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A Hundred Years of Humiliation: How Western Powers Ruined Chinese Empire

© Sputnik / Alexander Vilf / Go to the mediabankCities of the world. Keelung
Cities of the world. Keelung - Sputnik International
What is at the root of Beijing's incredulity toward the West? To unveil the mystery one should look back in history to the colonization of China; unbelievably, a hundred years ago China's statehood was hanging in the balance.

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China, or Zhonggou ("Middle Kingdom") dates from 2353 BC; by 18th century the kingdom had undergone a series of crises, wars and geopolitical victories, successfully maintaining its influence over Eastern Asia.

China could also boast a rapidly growing economy. Up to the 18th century the country's GDP was twice that of Western Europe.

Western merchants appeared in Chinese waters in the early 16th century. The Dutch, Portuguese and British tried their best to open trading enclaves at the Chinese borders, but their attempts to penetrate into the heart of the Middle Kingdom were met with fierce resistance.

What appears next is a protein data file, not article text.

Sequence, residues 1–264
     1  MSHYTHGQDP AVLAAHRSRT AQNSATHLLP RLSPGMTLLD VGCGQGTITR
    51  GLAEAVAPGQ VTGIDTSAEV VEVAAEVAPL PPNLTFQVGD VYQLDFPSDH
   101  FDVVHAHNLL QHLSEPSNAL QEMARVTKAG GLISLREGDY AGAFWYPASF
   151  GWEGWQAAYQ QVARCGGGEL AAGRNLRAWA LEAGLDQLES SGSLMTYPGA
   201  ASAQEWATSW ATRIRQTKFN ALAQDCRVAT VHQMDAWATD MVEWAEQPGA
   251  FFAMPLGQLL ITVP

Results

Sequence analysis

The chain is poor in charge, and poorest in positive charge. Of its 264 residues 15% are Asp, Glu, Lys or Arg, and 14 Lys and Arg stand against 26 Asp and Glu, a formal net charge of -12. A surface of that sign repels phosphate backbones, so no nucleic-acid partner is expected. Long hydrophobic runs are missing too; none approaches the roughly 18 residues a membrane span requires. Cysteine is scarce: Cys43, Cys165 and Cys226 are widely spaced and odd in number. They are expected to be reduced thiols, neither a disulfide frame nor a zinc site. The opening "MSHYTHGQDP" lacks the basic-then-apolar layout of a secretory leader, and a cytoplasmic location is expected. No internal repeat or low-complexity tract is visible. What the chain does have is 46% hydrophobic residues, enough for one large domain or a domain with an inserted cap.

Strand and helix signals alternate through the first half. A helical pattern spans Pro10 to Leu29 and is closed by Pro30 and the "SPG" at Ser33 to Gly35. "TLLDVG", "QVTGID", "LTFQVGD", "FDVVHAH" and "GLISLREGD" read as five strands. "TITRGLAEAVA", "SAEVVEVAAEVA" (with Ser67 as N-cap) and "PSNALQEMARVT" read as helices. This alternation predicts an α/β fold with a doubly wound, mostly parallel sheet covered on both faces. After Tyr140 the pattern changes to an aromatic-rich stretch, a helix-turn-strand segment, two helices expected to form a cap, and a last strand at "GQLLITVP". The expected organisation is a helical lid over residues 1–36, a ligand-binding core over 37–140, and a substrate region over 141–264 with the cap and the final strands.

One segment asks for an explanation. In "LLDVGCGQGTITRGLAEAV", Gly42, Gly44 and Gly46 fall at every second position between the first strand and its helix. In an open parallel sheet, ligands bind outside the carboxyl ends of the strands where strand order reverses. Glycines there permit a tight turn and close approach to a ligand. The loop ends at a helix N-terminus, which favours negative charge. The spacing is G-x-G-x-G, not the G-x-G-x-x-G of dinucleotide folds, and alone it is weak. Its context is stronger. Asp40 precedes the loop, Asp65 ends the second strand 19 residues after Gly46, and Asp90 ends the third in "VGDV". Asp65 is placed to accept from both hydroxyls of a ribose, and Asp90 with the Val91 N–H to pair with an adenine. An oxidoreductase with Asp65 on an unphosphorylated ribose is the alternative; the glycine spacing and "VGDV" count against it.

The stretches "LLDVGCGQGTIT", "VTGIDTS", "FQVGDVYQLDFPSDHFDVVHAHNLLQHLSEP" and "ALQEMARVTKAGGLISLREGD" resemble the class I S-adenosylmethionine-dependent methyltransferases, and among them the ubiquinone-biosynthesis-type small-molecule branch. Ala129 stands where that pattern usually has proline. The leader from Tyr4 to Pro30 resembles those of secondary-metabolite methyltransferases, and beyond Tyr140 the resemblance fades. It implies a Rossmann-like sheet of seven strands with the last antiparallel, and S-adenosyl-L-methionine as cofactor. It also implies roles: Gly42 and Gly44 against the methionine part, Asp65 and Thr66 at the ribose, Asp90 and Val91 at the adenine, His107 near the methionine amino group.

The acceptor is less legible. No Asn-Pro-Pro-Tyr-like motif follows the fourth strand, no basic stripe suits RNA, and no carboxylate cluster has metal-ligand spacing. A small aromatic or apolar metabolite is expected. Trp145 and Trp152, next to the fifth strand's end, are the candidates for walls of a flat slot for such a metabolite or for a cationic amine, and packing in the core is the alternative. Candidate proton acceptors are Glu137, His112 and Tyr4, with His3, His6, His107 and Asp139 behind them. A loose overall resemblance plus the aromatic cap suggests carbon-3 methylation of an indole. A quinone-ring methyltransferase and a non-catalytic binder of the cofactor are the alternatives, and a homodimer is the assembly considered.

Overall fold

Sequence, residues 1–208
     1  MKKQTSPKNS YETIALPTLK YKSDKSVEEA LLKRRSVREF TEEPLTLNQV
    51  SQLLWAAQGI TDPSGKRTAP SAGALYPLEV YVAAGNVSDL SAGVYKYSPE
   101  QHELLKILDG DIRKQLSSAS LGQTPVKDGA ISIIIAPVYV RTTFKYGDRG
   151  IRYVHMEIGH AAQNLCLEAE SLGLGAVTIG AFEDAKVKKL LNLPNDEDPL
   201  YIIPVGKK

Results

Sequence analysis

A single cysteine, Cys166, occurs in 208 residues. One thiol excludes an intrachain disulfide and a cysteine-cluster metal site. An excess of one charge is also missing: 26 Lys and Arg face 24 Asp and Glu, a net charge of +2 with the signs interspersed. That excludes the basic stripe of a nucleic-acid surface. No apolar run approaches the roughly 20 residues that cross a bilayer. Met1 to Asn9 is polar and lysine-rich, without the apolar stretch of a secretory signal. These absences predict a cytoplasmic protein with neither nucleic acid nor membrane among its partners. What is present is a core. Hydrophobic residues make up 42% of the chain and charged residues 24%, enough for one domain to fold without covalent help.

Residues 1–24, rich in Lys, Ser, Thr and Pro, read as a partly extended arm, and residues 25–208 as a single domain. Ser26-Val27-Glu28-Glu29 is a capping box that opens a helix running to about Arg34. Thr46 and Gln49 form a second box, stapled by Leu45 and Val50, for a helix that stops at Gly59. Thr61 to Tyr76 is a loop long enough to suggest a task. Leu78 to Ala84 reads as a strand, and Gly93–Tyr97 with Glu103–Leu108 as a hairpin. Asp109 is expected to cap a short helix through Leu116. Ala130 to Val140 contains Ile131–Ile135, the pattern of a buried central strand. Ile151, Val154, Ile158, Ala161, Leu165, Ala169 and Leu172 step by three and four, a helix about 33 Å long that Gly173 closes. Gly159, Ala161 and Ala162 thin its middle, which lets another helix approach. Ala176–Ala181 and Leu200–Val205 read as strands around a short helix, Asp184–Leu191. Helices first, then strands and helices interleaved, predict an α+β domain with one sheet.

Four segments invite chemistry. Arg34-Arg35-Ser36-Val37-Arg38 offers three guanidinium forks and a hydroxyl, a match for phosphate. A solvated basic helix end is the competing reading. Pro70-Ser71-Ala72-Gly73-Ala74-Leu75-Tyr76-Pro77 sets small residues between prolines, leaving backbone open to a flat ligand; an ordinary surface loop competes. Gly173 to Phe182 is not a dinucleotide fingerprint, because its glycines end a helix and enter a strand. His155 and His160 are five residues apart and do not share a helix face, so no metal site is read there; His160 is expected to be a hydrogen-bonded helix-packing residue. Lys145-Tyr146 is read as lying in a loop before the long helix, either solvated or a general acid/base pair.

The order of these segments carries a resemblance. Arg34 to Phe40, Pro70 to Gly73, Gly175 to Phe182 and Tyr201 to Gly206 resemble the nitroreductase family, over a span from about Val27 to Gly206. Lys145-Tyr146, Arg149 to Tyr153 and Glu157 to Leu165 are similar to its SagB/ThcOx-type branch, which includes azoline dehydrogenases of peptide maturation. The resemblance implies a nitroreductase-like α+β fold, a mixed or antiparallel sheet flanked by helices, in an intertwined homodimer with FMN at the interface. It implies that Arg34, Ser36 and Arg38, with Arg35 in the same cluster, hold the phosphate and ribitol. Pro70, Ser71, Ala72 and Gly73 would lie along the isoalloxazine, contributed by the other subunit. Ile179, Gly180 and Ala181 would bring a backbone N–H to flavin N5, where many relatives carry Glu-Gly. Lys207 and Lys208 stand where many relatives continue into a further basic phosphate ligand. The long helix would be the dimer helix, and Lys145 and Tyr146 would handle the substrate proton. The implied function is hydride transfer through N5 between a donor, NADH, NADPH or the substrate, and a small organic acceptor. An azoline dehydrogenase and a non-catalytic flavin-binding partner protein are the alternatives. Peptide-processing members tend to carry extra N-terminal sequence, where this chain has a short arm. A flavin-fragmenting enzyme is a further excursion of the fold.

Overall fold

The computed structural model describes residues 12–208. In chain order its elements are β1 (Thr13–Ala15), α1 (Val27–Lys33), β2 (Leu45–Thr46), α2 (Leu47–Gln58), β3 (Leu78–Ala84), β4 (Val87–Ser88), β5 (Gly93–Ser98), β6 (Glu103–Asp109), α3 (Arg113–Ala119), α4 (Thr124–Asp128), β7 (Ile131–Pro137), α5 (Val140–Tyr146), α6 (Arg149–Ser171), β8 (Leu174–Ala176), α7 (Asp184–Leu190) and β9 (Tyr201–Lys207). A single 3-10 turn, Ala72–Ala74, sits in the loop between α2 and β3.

The Chinese believed that they possessed all the technological and intellectual skills they needed to run their empire. Furthermore, they regarded Europeans as "barbarians" and did not see the necessity to be involved in trade and interaction with Westerners.

The Chinese agreed to sell tea, silk and porcelain to the British in return for silver but rejected European goods, monitoring closely merchants' movements within Canton — the only port the foreigners were allowed to enter.

The East India Company and Illicit Opium Trade

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Of course the state of affairs did not satisfy the Western merchants, particularly the British East India Company. The company was not interested in pouring silver into the Chinese coffers. The demand for tea was enormous at that time and the East India Company risked running out of silver. It needed a hot commodity which would help the company break into China's market.

Eventually the solution was found and it was called "opium."  On behalf on the British Crown, the East India Company administered parts of India: by the 1760s it gained control over the north-western Indian territories including Bengal. The Bengal region was famous for its opium plantations. It was considered a luxury item by Indians who used it as medicine or drank it as a beverage.

However, after the East India Company seized the region, it expanded the poppy cultivation which provided the British Empire with immense economic wealth.